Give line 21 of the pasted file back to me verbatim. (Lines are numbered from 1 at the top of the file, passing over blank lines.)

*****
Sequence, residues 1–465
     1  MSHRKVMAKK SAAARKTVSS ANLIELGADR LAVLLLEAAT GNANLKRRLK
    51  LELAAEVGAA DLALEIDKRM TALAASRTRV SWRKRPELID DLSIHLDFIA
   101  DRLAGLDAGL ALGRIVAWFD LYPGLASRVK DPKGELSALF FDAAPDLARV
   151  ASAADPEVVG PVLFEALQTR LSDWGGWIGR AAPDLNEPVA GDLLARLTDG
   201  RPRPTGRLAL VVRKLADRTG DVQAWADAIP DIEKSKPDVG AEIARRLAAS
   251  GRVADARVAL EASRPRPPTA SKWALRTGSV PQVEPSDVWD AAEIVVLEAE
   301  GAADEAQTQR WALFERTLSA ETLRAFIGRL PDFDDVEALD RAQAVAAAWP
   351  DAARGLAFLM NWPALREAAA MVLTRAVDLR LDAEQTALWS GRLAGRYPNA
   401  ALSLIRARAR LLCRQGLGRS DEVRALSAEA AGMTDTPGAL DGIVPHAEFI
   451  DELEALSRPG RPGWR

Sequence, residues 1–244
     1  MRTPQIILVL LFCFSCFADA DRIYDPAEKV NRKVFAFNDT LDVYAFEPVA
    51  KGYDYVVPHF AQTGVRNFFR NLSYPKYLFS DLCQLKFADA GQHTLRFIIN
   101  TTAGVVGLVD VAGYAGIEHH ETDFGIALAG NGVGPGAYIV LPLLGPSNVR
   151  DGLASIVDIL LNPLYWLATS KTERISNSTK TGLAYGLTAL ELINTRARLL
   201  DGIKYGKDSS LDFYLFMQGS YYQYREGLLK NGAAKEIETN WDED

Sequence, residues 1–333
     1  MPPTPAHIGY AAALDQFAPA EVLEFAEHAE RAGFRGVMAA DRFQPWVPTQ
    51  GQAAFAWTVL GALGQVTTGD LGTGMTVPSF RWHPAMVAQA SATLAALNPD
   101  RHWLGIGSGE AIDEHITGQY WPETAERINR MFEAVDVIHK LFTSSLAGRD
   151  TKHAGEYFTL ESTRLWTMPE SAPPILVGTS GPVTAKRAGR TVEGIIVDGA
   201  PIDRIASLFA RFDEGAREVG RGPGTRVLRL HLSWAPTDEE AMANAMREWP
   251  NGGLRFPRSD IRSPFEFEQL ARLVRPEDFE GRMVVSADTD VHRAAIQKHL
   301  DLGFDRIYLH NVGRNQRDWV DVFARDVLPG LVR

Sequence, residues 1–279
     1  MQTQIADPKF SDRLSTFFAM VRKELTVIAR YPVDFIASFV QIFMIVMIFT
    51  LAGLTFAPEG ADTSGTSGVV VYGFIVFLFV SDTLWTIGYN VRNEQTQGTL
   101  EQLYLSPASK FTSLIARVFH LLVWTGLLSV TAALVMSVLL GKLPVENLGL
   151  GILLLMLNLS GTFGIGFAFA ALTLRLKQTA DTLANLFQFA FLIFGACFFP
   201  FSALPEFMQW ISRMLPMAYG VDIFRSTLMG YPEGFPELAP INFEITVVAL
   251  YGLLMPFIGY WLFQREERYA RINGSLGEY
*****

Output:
   101  RHWLGIGSGE AIDEHITGQY WPETAERINR MFEAVDVIHK LFTSSLAGRD